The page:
SBUChat’s moderation of other content has also been called into question by some, including Mazza, who cite the case of 61,001 NetIDs being leaked through a .PDF file in a thread on its “General” section.

“I think it could be moderated better,” Mazza said.

Other aspects of the website are an IRC chatroom and a Wiki where anonymous users can contribute to the database. There are only a few dozen articles so far, mainly about locations within the university. Both features, as well as the site itself, were beta tested before release.

“I was not involved in the coding of the website, but I was involved heavily during the design phase and frequently served as a beta tester for elements of the site,” said senior and computer science major Peter Yeh, a poster and friend of Kshash. “Just a few days ago, I helped test out the new front page.”

SBUChat can be compared to 4chan, which is both the largest imageboard on the Internet and one of the most visited websites daily. Its influence on SBUChat is palpable: posters advertising SBUChat often feature memes such as Trollface or Awesome Face, and posters often use 4chan jargon and engage in behavior such as MFW (my face when, often accompanied by a picture posted as a reaction to something) or greentexting. SBUChat is often referred to as “SBUChan” by posters, though Kshash has tried to at least physically differentiate the site from 4chan by using a completely different forum model.

“I always cringe when I see those /b/tards [denizens of 4chan’s General section, or /b/] shitposting,” Kshash said. “But, I’m also very happy when I see real, meaningful discussions, like that big USG thread.”

According to Kshash, SBUChat boasts an average of 150 to 250 unique visitors per day. The site was originally advertised by fliers and posters put up by Kshash himself; however, SBUChat postage stickers reminiscent of, and even poking fun at, graffiti tagger Walter’s tags have become increasingly commonplace. Catching a glimpse of popular 4chan meme Trollface’s toothy grin alongside the words “you mad, Walter?” on the promotional stickers is a fairly common occurrence.  In fact, they’re often placed over former Walter tags themselves.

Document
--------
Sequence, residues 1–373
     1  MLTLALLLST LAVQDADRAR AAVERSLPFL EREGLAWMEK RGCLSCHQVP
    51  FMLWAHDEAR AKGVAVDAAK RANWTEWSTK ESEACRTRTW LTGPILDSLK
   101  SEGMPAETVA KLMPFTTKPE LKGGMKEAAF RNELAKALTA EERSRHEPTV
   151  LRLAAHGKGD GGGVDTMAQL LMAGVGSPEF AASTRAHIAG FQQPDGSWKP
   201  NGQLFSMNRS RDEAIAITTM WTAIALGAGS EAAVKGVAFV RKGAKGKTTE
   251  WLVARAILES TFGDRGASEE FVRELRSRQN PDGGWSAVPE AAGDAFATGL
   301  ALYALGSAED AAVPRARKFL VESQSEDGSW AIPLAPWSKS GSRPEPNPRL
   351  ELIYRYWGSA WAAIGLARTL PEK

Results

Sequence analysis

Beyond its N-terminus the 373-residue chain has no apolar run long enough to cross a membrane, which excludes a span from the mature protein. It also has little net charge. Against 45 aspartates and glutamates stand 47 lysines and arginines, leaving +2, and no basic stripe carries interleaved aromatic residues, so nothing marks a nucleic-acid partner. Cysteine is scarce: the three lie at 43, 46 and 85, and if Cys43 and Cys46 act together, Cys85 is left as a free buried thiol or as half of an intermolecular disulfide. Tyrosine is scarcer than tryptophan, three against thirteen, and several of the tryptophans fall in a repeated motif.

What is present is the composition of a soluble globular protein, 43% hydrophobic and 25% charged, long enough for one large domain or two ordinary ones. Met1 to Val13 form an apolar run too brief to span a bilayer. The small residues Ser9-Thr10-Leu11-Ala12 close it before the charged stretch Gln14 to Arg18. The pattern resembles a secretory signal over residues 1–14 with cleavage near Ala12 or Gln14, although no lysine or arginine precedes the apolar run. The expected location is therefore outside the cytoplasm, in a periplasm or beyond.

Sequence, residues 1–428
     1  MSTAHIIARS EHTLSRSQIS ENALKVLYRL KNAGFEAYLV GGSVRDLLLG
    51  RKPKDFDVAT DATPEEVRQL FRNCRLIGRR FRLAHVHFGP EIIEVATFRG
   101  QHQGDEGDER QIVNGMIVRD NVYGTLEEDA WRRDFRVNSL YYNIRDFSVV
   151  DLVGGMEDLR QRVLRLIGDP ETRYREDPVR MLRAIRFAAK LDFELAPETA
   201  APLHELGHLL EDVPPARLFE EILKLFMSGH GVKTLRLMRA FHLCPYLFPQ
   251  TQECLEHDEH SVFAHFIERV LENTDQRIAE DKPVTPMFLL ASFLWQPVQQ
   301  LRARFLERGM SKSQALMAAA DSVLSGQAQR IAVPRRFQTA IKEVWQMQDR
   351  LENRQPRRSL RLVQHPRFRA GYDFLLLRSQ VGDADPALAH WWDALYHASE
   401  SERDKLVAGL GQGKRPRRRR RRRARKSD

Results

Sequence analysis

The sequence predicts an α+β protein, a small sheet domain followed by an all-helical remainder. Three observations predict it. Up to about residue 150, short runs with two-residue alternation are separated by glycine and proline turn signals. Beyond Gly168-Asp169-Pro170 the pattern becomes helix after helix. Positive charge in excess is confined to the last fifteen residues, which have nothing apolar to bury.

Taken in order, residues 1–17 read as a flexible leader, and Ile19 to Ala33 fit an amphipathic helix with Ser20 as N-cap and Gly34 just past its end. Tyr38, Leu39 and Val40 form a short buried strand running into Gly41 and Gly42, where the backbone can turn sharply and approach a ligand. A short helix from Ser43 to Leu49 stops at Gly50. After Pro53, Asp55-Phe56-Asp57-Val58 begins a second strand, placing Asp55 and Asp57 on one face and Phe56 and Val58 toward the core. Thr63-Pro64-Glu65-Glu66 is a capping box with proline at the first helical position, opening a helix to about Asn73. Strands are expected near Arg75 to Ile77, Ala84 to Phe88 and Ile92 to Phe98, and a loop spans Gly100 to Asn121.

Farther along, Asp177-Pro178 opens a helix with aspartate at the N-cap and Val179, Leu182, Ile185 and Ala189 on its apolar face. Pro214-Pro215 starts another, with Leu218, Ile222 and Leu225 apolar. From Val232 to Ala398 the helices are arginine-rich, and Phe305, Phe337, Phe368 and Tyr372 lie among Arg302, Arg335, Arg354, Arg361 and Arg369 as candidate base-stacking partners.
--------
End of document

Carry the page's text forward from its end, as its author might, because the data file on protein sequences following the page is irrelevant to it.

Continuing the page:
“A good friend of mine posts mostly nonsensical posters around campus regularly,” Kshash said. “He despised Walter because he was new on the scene and only advertised his name. He wanted to get the small USPS stickers and put something over them—I suggested SBUChat.”

The artist and advertiser, who requested to be known by the alias SQK due to the potential illegality of his work, also designed other familiar fliers, including the famous ‘STAY CALM’ tear-off posters, which he described as “a piece of Orwellian propaganda that’s come out into the real world.”

“In fact, it was during the STAY CALM postering campaign that Ib [Kshash] reiterated his desire to bring together the campus community,” SQK said. “I think in March he bought the domain and started the work on SBUChat. He tried out at least three different versions of the imageboard software before he settled on the current version.”

Like Kshash, SQK went through a number of designs to advertise SBUChat, including Trollface stickers, Awesome Face stickers, and the YOUR TASTE IN MUSIC IS BAD posters before settling on the current, and, in his words, the “most provocative” design: red-striped USPS stickers bearing the site’s name and a pair of glaring eyes.

“The design is actually rather clever—in the ‘from’ part of the label, it has the eyes staring at you, and in the ‘to’ portion, it has,” SQK said. “These were much quicker to apply and we pretty much bombed campus with those. They worked, and eventually USG showed up on our doorstep.”

In reference to this, Khan said he would like to speak to the site’s owner, and stated that he would be interested in promoting SBUChat.

“Our campus previously didn’t have an anonymous forum,” Khan said. “Though the posts are a bit out there, I think the idea of it [SBUChat] is good.”

Aside from help with advertisements and feedback from friends who served as beta testers, Kshash receives no help with SBUChat—he refers to the site and its associated Wiki as a “one-man show.” When asked about SBUChat’s future, Kshash revealed satisfaction with his brainchild, though he said he was open to suggestion and feedback from users.

“That’s always been the thing,” Yeh said about Kshash. “He’s always been a very motivated fellow. When he decided he was going to do SBUChat, nothing was going to stop him.”

However, some beg to differ.

“They’re leading themselves down a path to not being around much longer,” Mazza said. “If I was running SBUChat, I would’ve deleted that [the thread leaking 61,001 NetIDs]. Though it’s only usernames and not passwords, you still have to take the university’s potential reaction into account.”

Though Casabianca said that he held a negative opinion of the majority of SBUChat comments he had read thus far, he saw the site as “a great opportunity for the campus to communicate.”

“Most of my comments are directed at reforming USG and that’s my primary cause for neglecting anonymity. I would really like to see some positive change at this school before I graduate, and if I have to be the face to blame for trying, then so be it,” Casabianca said. “I’d rather try and be ostracized than stand by and let others speak for me.”

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  • A

    anonymousDec 23, 2010 at 5:38 am

    “if i was running SBUChat”

    you run ‘sbulife’ and that’s god awful

  • A

    anumeniaDec 23, 2010 at 4:32 am

    lol at mazza. . “If I was running SBUChat{…}”
    – =) theres a definite reason USG is useless while SBUChat is great.. imho…

    “{…}you still have to take the university’s potential reaction into account.”
    – theres something to the anonymity at SBUChat.. maybe its the freedom of expression…?